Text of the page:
Tag Archives: poetry

Cultural Literacy: Muhammad Ali

Here is Cultural Literacy worksheet on Muhammad Ali. He was the greatest, you know? This is a full-page worksheet that can be used as independent practice.

Muhammad Ali really requires (or I hope he doesn’t) much explanation or amplification. He was ubiquitous in the media in my childhood, meeting with The Beatles and appearing in a series of photographs with them, and writing a poem with Marianne Moore in addition to his public and principled refusal to fight in the Vietnam War (even as a little kid, this thrilled me). So when an actor friend argued that Ali was one of the most exposed figures in the history of media, I had to agree. My friend’s point, though, was this: it took real courage for Canadian actor Eli Goree to take on the role of Ali; how does one portray such a profound, well-known, and ultimately sui generis personality? If you want to see, take a look at Regina King’s great new film, One Night in Miami on Amazon.

If you find typos in this document, I would appreciate a notification. And, as always, if you find this material useful in your practice, I would be grateful to hear what you think of it. I seek your peer review.

African Music

“African music: Music of sub-Saharan Africa. Though a vast geographical area with diverse cultures, Africa’s music has a number of unifying traits. Its traditional music, including its ‘art music,’ is orally transmitted; thus, pieces do not exist as finished works, but are conceived of as recreated differently with each performance. Another general characteristic is the prevalence of ‘call and response.’ Aside from its spiritual and celebratory and dance-accompanying roles, African music has a distinctly political role; the griot sings the tribe’s history and creates songs of praise for the leader, or mocking songs when community feeling is running against the leader. The association of words with music extends to the existence of words to be thought while performing purely instrumental pieces. Being largely improvisational, African music employs only limited counterpoint (including roundlike imitation that may be an outgrowth of overlapping calls and responses), though melodies are often accompanied in parallel intervals, creating a chordal texture, and truly polyphonic music is played on the mbira, where the melodies performed by the two hands are conceived as separate. Rhythm is highly developed in Africa. Whereas Westerners tend to perceive simultaneous patterns as sharing a common meter, Africans think of such patterns as cycles with different starting points. Outside influences have played a role in African music, most importantly Islam. In recent times, compatible elements of Western music have mixed with indigenous elements, though in popular music these Western influences more likely arrived via Arabic and Indian examples. The music of North Africa represents a separate tradition.”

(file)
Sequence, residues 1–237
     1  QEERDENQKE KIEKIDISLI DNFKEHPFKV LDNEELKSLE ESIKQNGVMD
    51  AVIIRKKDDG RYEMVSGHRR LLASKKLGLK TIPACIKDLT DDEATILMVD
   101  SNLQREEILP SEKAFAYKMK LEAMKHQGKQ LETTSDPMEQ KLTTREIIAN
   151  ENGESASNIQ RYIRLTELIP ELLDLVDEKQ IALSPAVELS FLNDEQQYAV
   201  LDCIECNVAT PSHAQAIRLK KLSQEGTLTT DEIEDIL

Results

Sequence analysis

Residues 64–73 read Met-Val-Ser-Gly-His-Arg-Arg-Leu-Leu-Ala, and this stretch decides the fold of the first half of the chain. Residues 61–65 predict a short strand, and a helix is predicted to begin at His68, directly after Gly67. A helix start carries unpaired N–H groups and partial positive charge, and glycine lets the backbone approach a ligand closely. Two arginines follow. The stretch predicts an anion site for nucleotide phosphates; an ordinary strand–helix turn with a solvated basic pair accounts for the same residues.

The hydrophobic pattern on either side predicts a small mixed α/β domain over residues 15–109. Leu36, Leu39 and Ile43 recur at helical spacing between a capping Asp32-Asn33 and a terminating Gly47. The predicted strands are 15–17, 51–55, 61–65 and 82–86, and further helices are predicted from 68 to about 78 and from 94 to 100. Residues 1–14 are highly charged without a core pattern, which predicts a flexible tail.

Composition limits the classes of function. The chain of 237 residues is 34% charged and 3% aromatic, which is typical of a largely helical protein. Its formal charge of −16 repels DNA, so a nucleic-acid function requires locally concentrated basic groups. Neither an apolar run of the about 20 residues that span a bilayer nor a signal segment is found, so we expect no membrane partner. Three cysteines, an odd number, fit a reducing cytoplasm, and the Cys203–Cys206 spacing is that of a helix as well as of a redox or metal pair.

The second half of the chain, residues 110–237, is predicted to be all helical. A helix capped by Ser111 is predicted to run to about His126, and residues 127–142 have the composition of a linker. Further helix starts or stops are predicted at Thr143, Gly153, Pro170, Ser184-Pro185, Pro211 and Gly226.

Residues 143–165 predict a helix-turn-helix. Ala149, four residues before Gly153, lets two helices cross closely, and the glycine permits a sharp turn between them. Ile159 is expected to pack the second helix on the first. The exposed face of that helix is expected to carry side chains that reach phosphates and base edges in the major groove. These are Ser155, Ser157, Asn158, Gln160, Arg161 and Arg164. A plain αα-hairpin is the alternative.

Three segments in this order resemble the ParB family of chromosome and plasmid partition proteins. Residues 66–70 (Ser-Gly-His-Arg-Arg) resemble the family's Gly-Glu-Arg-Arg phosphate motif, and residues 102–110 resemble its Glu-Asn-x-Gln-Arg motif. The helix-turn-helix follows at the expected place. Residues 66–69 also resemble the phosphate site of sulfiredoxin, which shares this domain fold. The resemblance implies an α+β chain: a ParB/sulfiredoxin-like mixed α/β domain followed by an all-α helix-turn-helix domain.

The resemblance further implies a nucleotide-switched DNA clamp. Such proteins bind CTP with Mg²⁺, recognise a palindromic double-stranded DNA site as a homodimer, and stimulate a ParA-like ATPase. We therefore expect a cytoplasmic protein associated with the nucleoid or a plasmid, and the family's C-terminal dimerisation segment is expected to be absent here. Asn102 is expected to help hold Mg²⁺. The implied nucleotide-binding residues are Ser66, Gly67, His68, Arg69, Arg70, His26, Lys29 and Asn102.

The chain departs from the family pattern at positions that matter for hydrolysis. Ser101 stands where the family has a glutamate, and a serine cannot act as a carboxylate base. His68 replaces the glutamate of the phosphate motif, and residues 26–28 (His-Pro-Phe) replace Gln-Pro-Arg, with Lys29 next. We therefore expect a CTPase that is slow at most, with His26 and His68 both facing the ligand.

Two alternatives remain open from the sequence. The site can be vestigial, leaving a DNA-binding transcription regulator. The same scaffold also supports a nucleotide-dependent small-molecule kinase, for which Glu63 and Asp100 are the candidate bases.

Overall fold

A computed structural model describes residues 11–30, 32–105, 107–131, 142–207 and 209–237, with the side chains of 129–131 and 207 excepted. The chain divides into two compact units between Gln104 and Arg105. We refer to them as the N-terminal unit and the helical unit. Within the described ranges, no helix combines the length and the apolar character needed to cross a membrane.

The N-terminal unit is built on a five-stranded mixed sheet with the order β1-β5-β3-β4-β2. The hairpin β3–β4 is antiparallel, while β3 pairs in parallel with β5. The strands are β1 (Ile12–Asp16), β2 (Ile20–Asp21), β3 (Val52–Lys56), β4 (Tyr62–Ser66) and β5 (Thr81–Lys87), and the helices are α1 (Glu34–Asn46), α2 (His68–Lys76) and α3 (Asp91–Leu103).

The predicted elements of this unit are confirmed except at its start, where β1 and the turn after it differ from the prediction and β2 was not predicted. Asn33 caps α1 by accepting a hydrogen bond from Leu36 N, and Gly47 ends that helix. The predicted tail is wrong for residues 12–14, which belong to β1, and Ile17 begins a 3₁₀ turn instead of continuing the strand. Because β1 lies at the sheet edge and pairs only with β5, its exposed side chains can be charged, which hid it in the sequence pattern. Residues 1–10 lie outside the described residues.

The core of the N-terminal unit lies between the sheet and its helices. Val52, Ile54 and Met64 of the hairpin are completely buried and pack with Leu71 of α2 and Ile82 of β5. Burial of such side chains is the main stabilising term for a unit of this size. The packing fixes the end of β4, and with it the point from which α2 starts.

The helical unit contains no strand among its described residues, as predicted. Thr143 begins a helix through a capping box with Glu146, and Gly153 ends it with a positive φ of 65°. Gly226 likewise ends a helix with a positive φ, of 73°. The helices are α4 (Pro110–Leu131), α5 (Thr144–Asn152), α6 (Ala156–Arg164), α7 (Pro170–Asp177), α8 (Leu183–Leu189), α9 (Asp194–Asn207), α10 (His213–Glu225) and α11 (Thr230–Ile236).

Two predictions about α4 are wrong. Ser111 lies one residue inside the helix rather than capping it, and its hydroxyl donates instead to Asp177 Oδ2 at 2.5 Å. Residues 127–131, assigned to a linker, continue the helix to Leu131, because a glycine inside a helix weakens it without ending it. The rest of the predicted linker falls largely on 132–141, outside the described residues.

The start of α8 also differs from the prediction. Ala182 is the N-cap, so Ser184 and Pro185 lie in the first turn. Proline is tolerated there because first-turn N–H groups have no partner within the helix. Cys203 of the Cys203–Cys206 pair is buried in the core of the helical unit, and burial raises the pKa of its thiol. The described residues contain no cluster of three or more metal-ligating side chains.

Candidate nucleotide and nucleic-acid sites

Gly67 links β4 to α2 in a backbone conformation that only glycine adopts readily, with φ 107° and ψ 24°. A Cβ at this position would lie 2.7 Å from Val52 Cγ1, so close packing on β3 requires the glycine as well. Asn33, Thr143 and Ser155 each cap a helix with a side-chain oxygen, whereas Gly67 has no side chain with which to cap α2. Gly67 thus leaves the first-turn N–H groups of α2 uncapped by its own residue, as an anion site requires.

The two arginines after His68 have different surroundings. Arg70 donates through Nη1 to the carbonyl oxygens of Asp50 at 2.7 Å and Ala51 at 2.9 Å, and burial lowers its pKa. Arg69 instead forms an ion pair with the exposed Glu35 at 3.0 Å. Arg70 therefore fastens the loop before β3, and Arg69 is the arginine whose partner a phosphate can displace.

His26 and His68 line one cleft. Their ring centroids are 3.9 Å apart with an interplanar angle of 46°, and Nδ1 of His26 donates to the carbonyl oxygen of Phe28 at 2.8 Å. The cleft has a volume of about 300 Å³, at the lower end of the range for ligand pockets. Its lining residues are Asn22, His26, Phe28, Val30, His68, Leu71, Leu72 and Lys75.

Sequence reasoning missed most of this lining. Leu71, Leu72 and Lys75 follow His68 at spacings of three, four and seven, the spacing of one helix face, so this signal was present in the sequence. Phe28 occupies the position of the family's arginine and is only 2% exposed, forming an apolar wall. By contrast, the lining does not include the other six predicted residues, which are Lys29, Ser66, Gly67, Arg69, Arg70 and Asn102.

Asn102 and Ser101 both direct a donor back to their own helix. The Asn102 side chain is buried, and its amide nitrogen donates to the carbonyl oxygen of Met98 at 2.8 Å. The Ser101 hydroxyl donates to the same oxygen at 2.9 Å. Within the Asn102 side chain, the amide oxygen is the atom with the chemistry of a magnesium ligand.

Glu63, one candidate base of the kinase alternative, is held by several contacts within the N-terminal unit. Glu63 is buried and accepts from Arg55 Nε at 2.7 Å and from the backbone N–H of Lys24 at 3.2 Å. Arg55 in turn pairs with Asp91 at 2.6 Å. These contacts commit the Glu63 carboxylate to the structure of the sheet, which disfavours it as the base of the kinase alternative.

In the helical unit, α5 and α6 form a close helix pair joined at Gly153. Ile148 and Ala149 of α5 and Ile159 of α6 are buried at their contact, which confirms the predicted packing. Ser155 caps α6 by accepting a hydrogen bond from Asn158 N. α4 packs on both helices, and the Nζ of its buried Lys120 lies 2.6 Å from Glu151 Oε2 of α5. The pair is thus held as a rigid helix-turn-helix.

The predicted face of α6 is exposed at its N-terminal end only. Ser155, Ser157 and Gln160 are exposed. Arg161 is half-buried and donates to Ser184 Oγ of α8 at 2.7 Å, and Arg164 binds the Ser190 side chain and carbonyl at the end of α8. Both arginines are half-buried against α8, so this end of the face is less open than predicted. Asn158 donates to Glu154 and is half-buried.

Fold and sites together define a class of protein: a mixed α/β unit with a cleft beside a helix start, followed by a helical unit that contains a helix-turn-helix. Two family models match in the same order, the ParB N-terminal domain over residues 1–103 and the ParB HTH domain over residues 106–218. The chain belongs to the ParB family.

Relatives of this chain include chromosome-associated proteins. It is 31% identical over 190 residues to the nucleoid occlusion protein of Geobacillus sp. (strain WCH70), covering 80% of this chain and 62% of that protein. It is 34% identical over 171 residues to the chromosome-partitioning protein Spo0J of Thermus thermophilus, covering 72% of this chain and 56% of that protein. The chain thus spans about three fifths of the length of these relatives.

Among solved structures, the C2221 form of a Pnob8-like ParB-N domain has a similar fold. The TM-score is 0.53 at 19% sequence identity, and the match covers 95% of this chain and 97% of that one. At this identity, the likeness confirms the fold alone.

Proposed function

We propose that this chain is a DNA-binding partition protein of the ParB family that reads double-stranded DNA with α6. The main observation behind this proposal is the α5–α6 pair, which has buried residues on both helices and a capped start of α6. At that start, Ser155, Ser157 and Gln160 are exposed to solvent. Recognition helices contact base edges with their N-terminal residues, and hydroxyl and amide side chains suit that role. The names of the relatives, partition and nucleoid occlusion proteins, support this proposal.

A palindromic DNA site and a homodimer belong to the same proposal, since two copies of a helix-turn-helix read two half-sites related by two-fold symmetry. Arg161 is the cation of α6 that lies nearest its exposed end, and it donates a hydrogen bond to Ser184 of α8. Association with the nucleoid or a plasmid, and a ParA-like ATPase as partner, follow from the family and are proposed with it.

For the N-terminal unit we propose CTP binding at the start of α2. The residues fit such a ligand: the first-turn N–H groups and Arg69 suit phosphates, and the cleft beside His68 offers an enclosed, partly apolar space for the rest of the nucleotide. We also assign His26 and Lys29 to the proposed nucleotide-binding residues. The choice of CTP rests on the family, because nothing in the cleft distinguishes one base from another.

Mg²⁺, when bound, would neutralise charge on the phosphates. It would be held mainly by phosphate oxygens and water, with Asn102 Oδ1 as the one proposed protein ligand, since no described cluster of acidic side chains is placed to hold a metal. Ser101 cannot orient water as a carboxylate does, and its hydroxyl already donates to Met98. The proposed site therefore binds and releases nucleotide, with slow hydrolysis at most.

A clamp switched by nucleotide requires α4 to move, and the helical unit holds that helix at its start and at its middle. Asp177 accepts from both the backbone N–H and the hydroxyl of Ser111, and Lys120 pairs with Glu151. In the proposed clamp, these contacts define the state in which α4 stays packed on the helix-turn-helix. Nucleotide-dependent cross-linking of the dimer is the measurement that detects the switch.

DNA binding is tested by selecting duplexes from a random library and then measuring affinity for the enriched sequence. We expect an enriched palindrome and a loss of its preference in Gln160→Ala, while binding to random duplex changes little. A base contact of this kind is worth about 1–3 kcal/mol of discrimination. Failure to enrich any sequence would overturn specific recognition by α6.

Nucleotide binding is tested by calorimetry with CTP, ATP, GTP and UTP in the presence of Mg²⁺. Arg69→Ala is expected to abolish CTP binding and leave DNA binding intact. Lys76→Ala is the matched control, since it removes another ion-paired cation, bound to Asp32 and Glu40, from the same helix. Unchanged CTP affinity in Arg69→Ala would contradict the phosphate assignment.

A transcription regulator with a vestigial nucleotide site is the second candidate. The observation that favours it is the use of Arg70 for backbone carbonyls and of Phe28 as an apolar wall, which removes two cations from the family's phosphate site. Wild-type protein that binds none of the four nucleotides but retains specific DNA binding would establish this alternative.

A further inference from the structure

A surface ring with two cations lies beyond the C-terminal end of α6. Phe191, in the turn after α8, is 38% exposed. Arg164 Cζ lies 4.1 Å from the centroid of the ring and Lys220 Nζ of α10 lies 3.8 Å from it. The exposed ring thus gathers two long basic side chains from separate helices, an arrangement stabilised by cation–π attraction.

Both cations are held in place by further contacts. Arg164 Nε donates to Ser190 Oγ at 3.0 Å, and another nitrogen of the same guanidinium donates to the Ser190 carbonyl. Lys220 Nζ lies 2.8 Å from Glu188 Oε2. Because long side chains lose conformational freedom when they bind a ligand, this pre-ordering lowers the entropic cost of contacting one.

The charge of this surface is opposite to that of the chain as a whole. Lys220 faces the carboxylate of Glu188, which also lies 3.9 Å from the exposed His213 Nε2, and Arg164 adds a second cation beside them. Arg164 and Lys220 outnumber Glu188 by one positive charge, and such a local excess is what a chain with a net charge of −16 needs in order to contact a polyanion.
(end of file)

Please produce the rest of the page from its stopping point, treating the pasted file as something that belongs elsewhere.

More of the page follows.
Excerpted/Adapted from: Stevens, Mark A., Ed. Merriam Webster’s Collegiate Encyclopedia. Springfield, Massachusetts: Merriam-Webster, 2000.

Sterling Allen Brown

“Sterling Allen Brown: (1901-1989) American poet, folklorist, editor, and critic. Brown was one of the first writers to identify folklore as a vital component of the black aesthetic and an important form of artistic expression. His first collection of poems, Southern Road (1932), was a critical success, fusing elements of ballads, spirituals, work songs, and the blues into narrative poems generally written in a Southern dialect. Two of Brown’s works written in 1937, Negro Poetry and Drama and The Negro in American Fiction, are major books of criticism on African-American studies. In 1941, Brown, along with colleagues Arthur P. Davis and Ulysses S. Lee, edited the The Negro Caravan, which was considered by many “the anthology of African-American literature.” With the publication of The Collected Poems of Sterling A. Brown (1980), Brown won the 1982 Lenore Marshall Poetry Prize and received widespread and deserved recognition.”

Excerpted from: Murphy, Bruce, ed. Benet’s Reader’s Encyclopedia, Fourth Edition. New York: Harper Collins, 1996.

Cultural Literacy: The Rime of the Ancient Mariner

If you teach it, or perhaps even better if you don’t, but still want to add if to your students’ fund of prior knowledge, here is a Cultural Literacy worksheet on Samuel Coleridge’s poem “The Rime of the Ancient Mariner.” It serves as a short, general introduction to the work.